[On occasion, Writing Wednesdays will include a bit of my newspaper work, published mainly Saturdays in The Forum, reprinted here with permission. Special addition here includes photos at end...]
Take time to view God's canvas in skies
By Roxane B. Salonen, The Forum
I don’t remember exactly what prompted it, but several years ago my eyes started wandering upward, and I’ve had a permanent but welcomed crick in my neck ever since.
“Why did it take so long to notice?” I whisper while peering into the expansive, prairie sky, spotting the latest treasure.
Recently I was out on an evening errand and caught sight of a particularly dazzling sunset, with all varieties of oranges, pinks and purples. Frustrated I couldn’t get quite the right view for a good photo, I started chasing it – chasing down the sky.
By the time I got what I wanted, I could see Casselton. “You’re crazy,” I said out loud while turning back for home. “Oh, but it was so worth it,” I added, smiling.
I’ve captured many images that are, by others’ accounts, breathtakingly spectacular. I even have a few viewing spots staked out along the school route, and will go out of my way some mornings just to freeze in time these stunning, fleeting images and share them on Facebook.
For a while, I thought it was just the sky in general, but then friends from other parts of the country began commenting on the extraordinary North Dakota skies.
“Please, keep those sky shots coming,” they said, helping me to appreciate all the more the palette from above.
My kids used to roll their eyes when they sensed I was about to pull over the van to get the right frame. But in time they grew accustomed to my skyward obsession.
Sometimes, when I’m at the wheel, my daughters will offer to take over sky-photo duty. They’ve managed to produce some very nice digital sky-paintings in the process.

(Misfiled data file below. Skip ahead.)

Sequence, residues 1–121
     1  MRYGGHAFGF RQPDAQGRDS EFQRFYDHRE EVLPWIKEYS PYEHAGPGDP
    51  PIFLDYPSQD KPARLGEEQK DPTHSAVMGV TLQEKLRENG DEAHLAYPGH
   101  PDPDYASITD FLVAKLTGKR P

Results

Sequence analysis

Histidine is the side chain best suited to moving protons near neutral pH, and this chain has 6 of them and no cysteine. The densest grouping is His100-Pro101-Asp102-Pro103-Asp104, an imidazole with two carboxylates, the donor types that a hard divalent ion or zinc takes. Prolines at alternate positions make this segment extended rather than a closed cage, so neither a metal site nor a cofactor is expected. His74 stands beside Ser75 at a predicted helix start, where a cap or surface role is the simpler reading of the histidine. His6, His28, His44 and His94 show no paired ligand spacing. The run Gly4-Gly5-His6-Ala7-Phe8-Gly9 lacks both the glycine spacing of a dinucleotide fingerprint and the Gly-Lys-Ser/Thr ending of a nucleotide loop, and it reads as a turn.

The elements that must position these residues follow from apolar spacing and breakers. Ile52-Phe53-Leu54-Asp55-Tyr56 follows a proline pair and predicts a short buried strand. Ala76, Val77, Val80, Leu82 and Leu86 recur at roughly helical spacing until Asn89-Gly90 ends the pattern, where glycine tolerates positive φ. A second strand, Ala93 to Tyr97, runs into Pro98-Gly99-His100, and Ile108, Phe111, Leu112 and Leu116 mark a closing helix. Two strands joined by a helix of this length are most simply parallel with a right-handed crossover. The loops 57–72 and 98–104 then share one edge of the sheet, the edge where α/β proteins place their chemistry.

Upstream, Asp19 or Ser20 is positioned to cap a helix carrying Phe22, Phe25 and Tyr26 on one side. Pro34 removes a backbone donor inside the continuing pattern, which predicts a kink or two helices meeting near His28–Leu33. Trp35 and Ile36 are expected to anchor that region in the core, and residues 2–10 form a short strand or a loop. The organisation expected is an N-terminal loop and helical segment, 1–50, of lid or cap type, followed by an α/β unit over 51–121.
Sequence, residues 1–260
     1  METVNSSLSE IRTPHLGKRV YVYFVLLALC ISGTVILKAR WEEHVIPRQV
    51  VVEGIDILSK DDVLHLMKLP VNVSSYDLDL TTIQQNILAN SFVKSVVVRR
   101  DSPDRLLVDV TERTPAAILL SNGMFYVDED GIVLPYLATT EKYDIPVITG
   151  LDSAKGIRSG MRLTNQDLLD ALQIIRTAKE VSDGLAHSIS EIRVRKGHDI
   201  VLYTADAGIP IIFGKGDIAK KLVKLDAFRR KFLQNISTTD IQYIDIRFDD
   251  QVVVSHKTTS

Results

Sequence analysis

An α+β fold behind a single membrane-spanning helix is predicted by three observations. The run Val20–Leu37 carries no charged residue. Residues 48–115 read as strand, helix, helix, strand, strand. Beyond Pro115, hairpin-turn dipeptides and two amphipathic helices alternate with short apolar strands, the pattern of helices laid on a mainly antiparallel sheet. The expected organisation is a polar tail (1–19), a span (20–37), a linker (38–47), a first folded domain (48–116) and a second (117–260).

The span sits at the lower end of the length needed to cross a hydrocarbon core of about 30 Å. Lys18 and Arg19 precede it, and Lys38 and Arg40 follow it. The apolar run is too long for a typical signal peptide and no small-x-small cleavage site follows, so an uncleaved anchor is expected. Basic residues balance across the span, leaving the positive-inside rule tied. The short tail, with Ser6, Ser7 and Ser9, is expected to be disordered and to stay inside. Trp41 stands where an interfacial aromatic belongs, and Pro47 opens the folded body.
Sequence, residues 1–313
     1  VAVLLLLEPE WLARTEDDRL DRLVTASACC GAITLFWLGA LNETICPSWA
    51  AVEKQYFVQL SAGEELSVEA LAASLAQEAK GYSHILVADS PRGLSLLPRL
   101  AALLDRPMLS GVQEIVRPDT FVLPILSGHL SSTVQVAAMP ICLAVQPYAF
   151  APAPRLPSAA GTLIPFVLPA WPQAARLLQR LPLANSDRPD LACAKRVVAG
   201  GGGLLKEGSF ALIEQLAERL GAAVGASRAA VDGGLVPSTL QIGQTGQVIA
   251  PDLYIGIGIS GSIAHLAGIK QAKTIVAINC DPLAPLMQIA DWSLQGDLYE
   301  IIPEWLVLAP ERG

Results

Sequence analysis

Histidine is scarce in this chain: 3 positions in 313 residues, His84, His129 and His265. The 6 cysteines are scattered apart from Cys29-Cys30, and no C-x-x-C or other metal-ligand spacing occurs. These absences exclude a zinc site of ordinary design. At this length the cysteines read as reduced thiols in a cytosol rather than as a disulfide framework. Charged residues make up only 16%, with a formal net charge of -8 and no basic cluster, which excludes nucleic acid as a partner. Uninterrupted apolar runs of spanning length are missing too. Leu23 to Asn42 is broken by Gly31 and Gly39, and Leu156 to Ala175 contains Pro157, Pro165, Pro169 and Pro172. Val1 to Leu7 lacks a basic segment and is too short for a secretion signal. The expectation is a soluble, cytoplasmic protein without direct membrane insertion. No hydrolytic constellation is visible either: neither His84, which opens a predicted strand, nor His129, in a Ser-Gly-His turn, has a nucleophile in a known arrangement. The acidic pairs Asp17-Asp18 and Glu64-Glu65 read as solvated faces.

And my boys have become my best critics. “Wow, that’s cool,” my mesmerized youngest will say when I’ve nailed it. He knows a good sky shot when he sees it now.
To think I might have caved to the sighs and shrugs a couple years back. My kids would have missed what I’ve come to know: that these moments in time are more than coincidence.
I now find these astounding canvases, where cloud meets color, shadow meets light and the sun makes both its morning debut and grand finale, to be sweet messages from God.
God is the grand artist, after all, and the sky, his easel. We are the blessed spectators, fortunate to be witnessing the hour-by-hour grandeur.
Sometimes the sky not only inspires but comforts. One particularly dark time in my life, I was driving out of town, an overwhelming sense of despair bearing down. Suddenly, above a field to the left, I caught sight of the most incredible rainbow.
This is what I heard coming from the sky that day: “It’s going to be OK, Roxane.”
“OK,” I said, tears dripping down. “Thanks.” I pulled over and let them flow, rinsing out the sadness, the rainbow still glowing nearby.
It’s not always that dramatic, though. Often the message is a simple, “Top of the morning to you!”
But what I mostly hear in these sky images, so vibrant and wild, is this: I love you.
Thankfully, I’m not alone in my passion. On days a particularly bold proclamation comes across the sky, my Sunset Sister, Pat, will text me, “Did you see that one, Roxane? If not, get outside – now!”
I’d encourage you to give it a try. You’ll no doubt feel a little silly at first. Others in your life might think you’ve cracked. But in time, you’ll wear your new sky-gazer title proudly.
And I hope eventually you’ll not only see the artistic masterpiece but hear the accompanying audio as well.
“Beloved child, you think this is good? Just wait until you see what else I have up my sleeves.”
Roxane Salonen is a freelance writer who lives in Fargo with her husband and five children. If you have a story of faith to share with her, email email@example.com.